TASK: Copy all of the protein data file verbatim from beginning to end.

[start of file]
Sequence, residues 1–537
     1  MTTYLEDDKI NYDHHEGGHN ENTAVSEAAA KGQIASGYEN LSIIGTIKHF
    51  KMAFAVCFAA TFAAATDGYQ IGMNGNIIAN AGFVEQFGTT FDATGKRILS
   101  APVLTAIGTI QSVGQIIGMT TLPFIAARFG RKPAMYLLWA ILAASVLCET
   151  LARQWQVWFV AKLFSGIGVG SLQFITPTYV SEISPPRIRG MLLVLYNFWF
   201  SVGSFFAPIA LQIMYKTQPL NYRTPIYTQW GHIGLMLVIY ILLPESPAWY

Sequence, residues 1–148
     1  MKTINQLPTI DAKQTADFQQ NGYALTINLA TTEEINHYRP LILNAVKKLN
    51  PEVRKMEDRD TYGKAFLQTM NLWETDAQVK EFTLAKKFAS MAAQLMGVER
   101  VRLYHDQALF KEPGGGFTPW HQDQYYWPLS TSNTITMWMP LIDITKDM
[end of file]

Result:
Sequence, residues 1–537
     1  MTTYLEDDKI NYDHHEGGHN ENTAVSEAAA KGQIASGYEN LSIIGTIKHF
    51  KMAFAVCFAA TFAAATDGYQ IGMNGNIIAN AGFVEQFGTT FDATGKRILS
   101  APVLTAIGTI QSVGQIIGMT TLPFIAARFG RKPAMYLLWA ILAASVLCET
   151  LARQWQVWFV AKLFSGIGVG SLQFITPTYV SEISPPRIRG MLLVLYNFWF
   201  SVGSFFAPIA LQIMYKTQPL NYRTPIYTQW GHIGLMLVIY ILLPESPAWY

Sequence, residues 1–148
     1  MKTINQLPTI DAKQTADFQQ NGYALTINLA TTEEINHYRP LILNAVKKLN
    51  PEVRKMEDRD TYGKAFLQTM NLWETDAQVK EFTLAKKFAS MAAQLMGVER
   101  VRLYHDQALF KEPGGGFTPW HQDQYYWPLS TSNTITMWMP LIDITKDM